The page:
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Williams v. Donahoe

United States District Court, E.D. Missouri, Eastern Division

November 13, 2014

BENNY WILLIAMS, JR., Plaintiff,
v.
PATRICK R. DONAHOE, Postmaster General, Defendant.

MEMORANDUM AND ORDER

CHARLES A. SHAW, District Judge.

This matter is before the Court on defendant Patrick R. Donahoe, Postmaster General's motion for summary judgment. Plaintiff Benny Williams, Jr., appearing pro se, has responded to the motion. Defendant did not file a reply brief, and the time for doing so has passed. For the following reasons, the Court will grant defendant's motion for summary judgment.

I. Background

Plaintiff brings this action under the Age Discrimination in Employment Act of 1967, as amended, 29 U.S.C. §§ 621, et seq. ("ADEA"), against defendant for employment discrimination on the basis of age. Plaintiff was hired as a temporary, non-career casual vehicle operator for the United States Postal Service ("USPS"). His term of service expired on December 31, 2010, and his assignment was terminated on that day. Plaintiff alleges the USPS unlawfully discriminated against him because three younger drivers were hired as casual employees in November 2010, and were still employed on December 31, 2010. He states also that a dispatch supervisor harassed him by commenting that he drove "like an elderly person." (Compl. at ¶ 12). The USPS denies age discrimination, stating that it terminated plaintiff on December 31, 2010 because his temporary position ended.

II. Summary Judgment Standard

The standards applicable to summary judgment motions are well settled. Pursuant to Federal Rule of Civil Procedure Rule 56(a) of the Federal Rules of Civil Procedure, summary judgment shall be granted "if the movant shows that there is no genuine dispute as to any material fact and the movant is entitled to a judgment as a matter of law." See Celotex Corp. v. Catrett, 477 U.S. 317, 322 (1986).

The initial burden is placed on the moving party. City of Mt. Pleasant, Iowa v. Associated Elec. Co-op., Inc., 838 F.2d 268, 273 (8th Cir. 1988) (the moving party has the burden of clearly establishing the non-existence of any genuine issue of fact that is material to a judgment in its favor). Once this burden is discharged, if the record does in fact bear out that no genuine dispute exists, the burden then shifts to the non-moving party who must set forth affirmative evidence and specific facts showing there is a genuine dispute on that issue. Anderson v. Liberty Lobby, Inc., 477 U.S. 242, 249 (1986). In determining whether the moving party has met its burden, all evidence and inferences are to be viewed in the light most favorable to the non-moving party. Johnson v. Enron Corp., 906 F.2d 1234, 1237 (8th Cir. 1990).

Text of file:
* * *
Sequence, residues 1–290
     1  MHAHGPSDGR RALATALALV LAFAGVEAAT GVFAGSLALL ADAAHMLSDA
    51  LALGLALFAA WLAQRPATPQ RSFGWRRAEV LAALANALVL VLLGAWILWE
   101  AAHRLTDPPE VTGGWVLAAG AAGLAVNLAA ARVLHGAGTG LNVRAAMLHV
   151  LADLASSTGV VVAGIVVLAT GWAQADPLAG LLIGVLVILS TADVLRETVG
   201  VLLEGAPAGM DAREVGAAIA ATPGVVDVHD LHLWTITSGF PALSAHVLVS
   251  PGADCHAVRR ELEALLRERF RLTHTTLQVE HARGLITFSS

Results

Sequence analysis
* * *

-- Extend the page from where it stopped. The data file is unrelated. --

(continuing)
With this standard in mind, the Court accepts the following facts as true for purposes of resolving this motion for summary judgment.[1]

III. Facts

Plaintiff alleges he was subjected to unlawful discrimination based on his age in violation of the ADEA. Plaintiff was 55 years of age during his employment with the USPS. Plaintiff was employed under a temporary, non-career appointment with the USPS as a "Casual Tractor Trailer Operator, " at the St. Louis Processing and Distribution Center, effective May 8, 2010. By letter dated May 7, 2010, plaintiff was advised that "[u]pon successful completion of one appointment, providing your services are needed, a second appointment may be granted."

The Employee and Labor Relations Manual ("ELM"), Section 419.11, defines a "casual employee" as follows: "Casual employees are nonbargaining unit, noncareer employees with limited-term appointments. These employees are employed as a supplemental workforce, as described in collective bargaining agreements, to perform duties assigned to bargaining unit positions."

The ELM, Section 365.33 defines "Termination or Separation of Temporary of Casual Employees" as follows:

An employee serving under a temporary appointment may be separated at any time after notice in writing. In determining the proper action for a particular case, the following criteria are used:
a. Termination, expiration of appointment, is a term used to separate an employee whose services are no longer needed.
b. Separation is the term used when describing the discontinuance of the service of a temporary or casual employee because of unsatisfactory performance that ...

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